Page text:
If you want some creative ideas on how to get kids to talk about anxiety and OCD, have them watch this YouTube video I created just for them. I talk about why it is important that they communicate with you about their struggles and some out of the box ideas on how to do it!
When children are afraid or obsessed with a horrible thought you might think that the best way to help them is to teach them to get their mind “off of it.” Not only is this not effective, it can actually make anxiety and OCD worse. ERP for OCD and anxiety, also known as Exposure and Response Prevention is a counterintuitive therapy that has some parents running in the opposite direction.
But let me tell you why this wacky approach not only works, but is the gold standard for treatment.
Is anxiety and OCD bullying your child? Do you find your child spends much of their time avoiding fears and giving in to their anxiety or OCD bully? Families can feel like they are held hostage by anxiety and OCD. It can feel like every decision, every activity is controlled by this outside force.
It doesn’t have to be that way. In fact, it is important that your child can see that taking back power is the way to emotional freedom! So how do you do that? Especially if your child is paralyzed with fear or shutdown and won’t talk about it?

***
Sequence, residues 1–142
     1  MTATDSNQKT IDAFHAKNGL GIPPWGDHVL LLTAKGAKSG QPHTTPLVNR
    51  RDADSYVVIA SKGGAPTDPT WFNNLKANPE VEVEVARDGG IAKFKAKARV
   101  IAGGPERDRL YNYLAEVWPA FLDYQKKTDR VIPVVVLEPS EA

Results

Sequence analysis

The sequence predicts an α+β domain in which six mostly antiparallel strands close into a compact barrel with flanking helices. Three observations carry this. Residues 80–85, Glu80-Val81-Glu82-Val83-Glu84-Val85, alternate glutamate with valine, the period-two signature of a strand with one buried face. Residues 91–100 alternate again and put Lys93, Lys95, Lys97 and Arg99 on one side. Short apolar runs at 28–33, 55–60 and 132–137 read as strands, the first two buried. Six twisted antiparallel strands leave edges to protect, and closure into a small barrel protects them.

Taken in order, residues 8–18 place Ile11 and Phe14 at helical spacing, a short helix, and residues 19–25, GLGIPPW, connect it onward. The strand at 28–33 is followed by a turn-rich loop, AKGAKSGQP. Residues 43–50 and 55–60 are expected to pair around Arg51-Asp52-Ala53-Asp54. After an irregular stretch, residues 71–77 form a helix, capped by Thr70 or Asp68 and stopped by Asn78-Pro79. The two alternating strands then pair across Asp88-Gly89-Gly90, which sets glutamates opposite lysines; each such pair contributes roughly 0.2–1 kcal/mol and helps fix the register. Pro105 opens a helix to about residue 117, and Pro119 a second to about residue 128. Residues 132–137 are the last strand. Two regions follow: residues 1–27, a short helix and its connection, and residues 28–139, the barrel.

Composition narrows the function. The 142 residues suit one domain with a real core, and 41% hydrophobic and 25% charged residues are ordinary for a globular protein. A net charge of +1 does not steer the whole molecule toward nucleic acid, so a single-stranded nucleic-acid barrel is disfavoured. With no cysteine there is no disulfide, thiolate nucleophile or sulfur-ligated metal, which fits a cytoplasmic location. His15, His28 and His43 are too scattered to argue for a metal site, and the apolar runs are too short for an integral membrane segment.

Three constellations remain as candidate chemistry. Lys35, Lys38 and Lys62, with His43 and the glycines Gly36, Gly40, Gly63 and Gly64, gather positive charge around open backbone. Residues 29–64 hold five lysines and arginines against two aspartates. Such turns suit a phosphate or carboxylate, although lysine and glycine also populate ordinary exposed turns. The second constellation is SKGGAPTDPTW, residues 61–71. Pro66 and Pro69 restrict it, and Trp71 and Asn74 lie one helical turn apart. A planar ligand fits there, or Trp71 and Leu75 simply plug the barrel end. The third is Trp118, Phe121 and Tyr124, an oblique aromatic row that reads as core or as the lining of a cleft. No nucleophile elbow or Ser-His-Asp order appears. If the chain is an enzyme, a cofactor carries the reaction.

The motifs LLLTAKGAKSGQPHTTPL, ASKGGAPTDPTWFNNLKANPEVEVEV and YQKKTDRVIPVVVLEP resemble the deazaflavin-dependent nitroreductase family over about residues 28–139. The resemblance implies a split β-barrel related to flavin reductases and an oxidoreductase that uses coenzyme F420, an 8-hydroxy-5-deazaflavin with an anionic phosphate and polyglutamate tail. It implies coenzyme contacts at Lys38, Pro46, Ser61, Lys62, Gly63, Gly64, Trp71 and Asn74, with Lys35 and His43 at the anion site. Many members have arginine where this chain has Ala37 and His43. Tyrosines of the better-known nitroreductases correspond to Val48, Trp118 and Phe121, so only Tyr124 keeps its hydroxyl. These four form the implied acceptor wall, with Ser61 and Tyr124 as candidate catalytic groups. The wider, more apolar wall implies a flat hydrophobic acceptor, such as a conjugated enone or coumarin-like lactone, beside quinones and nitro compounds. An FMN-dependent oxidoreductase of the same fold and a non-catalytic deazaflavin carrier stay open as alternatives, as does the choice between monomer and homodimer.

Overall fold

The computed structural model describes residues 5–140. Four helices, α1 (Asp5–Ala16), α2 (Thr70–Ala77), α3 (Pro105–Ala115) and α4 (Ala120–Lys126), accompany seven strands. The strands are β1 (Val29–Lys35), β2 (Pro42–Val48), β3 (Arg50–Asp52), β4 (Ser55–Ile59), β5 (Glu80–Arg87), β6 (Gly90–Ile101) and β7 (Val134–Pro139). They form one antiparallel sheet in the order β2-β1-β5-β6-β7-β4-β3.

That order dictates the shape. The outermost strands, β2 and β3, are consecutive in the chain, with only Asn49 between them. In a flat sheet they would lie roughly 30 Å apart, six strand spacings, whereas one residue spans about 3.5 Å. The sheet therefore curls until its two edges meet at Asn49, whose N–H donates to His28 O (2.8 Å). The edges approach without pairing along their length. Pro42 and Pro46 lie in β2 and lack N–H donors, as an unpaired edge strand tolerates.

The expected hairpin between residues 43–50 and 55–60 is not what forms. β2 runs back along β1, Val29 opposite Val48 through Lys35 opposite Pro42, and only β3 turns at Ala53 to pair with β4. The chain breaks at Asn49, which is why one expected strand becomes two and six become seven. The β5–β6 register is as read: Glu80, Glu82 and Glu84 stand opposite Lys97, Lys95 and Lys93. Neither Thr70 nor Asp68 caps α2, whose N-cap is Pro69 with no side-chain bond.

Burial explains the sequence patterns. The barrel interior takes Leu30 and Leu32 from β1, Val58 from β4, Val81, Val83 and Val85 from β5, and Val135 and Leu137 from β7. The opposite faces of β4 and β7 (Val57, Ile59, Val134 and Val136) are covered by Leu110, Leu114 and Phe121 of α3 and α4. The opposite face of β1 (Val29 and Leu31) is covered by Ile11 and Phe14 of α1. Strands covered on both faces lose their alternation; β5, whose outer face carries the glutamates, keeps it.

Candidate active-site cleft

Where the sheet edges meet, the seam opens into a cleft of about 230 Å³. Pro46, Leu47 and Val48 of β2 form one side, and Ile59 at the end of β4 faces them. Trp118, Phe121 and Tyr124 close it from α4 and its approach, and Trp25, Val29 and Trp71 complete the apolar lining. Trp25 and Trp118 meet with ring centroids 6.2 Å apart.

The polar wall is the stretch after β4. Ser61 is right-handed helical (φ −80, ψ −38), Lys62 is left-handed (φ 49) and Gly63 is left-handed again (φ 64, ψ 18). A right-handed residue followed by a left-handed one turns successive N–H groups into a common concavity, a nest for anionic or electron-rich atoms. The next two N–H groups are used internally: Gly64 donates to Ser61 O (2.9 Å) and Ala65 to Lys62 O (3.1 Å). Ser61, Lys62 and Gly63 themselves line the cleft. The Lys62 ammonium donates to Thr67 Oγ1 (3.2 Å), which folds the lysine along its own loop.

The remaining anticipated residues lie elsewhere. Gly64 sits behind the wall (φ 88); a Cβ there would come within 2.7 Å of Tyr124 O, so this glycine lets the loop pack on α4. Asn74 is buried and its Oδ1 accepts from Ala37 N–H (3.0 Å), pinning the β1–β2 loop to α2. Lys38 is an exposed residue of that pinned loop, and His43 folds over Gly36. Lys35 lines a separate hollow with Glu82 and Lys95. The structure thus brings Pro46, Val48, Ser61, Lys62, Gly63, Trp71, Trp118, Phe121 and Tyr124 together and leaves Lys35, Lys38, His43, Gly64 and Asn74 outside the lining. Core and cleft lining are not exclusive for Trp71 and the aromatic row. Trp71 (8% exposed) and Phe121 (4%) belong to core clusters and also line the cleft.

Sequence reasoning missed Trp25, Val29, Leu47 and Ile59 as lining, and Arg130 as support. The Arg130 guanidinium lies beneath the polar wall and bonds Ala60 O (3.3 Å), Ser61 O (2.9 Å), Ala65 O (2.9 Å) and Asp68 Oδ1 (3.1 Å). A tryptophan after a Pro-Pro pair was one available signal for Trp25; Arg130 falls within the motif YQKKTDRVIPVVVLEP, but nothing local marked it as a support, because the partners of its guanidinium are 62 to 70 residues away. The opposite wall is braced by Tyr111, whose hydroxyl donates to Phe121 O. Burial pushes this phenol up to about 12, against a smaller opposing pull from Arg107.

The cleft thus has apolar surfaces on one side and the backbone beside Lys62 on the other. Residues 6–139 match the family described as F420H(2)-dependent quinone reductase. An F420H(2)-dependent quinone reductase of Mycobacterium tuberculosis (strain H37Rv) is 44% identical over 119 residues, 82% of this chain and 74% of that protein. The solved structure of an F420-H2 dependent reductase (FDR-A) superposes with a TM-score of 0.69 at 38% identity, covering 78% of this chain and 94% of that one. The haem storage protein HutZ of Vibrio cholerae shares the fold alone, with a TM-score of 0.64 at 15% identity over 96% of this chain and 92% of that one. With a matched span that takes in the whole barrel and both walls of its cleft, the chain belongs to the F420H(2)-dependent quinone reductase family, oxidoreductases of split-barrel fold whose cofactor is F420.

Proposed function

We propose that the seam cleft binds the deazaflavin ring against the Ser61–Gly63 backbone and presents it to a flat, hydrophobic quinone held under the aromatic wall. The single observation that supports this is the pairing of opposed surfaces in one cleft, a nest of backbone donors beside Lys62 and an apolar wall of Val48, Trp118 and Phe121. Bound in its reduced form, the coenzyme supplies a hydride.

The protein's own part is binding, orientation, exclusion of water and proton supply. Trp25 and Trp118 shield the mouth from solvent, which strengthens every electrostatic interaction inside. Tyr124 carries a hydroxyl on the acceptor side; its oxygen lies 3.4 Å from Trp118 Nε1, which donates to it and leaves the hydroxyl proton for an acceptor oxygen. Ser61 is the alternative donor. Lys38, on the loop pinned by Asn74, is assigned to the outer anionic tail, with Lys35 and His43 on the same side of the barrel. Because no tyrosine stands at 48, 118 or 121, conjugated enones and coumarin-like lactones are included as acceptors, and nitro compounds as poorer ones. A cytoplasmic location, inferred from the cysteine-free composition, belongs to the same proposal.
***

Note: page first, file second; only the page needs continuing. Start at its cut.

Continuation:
If you are dealing with Child anxiety or OCD there is one lethal weapon you are up against….doubt. Almost everything related to anxiety and OCD comes down to doubt and uncertainty. When you conquer doubt, you conquer anxiety and OCD.
Not sure how to do this with your child? Let me know you how…
Your child is refusing to go to school, but you don’t know why. Your child is up all night in a perpetual state of panic, but nothing seems to calm them down. Your child is tapping things and turning the light switch on and off three times, but you have no idea why. Knowing your child has anxiety or OCD is different from knowing what is behind your child’s anxiety or OCD.
You watch the child you once knew slowly disappear. The stress, the worry is slowly consuming them. Morphing them into someone you don’t completely recognize. Is this something you can handle? Are there things you should be doing differently? How are you supposed to know when you should get professional help for OCD or anxiety?
As a therapist, I get asked that question often. Here is my response…